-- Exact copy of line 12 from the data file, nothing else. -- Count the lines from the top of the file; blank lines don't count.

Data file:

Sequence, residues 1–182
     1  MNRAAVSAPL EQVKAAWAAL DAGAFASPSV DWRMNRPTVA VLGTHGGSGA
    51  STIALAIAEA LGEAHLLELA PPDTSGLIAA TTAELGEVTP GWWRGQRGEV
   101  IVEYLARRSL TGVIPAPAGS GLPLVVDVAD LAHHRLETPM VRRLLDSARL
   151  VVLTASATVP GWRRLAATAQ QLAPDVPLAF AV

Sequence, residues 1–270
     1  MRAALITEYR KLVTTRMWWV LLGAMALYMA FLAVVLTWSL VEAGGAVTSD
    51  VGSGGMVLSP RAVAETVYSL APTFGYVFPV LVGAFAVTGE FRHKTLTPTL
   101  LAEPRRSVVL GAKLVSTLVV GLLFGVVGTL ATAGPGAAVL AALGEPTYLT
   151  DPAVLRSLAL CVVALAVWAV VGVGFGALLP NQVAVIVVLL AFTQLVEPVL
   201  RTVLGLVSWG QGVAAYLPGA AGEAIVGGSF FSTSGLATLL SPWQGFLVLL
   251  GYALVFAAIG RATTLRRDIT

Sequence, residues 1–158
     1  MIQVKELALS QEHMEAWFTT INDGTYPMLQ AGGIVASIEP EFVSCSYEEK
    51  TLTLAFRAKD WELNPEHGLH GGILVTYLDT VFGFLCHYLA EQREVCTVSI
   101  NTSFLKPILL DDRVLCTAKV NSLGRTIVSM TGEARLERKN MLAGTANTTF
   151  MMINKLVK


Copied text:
   251  GYALVFAAIG RATTLRRDIT